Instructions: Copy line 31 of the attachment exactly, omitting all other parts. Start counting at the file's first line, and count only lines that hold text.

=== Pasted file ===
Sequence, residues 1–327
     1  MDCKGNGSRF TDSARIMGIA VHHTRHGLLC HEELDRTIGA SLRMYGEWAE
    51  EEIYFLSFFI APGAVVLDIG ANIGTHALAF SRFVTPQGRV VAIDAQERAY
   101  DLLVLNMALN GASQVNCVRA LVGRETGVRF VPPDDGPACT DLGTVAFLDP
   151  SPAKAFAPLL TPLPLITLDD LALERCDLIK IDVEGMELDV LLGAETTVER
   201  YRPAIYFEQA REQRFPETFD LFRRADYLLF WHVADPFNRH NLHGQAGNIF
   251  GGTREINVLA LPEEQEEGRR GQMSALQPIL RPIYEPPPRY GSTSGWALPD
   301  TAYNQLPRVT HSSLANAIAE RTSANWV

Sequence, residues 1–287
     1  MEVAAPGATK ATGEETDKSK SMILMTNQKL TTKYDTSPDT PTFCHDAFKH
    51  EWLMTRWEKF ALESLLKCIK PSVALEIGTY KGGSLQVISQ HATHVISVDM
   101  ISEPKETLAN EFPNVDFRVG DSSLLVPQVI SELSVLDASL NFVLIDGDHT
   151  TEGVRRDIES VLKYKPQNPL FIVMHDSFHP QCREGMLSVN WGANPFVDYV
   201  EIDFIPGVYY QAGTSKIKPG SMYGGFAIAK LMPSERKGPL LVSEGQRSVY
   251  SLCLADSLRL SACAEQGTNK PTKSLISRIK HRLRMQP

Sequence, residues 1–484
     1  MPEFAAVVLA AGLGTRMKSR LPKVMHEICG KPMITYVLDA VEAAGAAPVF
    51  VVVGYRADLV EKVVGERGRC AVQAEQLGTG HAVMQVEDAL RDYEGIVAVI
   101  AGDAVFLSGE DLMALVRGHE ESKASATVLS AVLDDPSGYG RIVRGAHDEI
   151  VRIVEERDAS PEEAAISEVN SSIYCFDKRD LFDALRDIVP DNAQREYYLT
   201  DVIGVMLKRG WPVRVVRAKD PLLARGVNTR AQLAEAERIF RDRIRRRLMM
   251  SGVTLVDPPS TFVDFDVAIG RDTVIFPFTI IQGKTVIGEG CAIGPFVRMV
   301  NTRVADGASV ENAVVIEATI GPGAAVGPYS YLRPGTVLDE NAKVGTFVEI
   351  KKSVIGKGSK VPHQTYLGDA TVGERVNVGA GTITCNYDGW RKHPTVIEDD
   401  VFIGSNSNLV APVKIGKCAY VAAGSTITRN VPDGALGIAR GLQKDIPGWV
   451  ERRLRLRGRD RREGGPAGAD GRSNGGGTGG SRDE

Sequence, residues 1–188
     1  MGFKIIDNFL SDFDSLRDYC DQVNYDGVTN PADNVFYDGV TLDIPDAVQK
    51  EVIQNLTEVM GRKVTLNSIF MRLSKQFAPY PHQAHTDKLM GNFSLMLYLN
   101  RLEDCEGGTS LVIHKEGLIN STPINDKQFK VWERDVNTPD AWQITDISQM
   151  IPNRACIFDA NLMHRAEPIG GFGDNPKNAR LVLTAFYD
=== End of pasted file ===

   151  IPNRACIFDA NLMHRAEPIG GFGDNPKNAR LVLTAFYD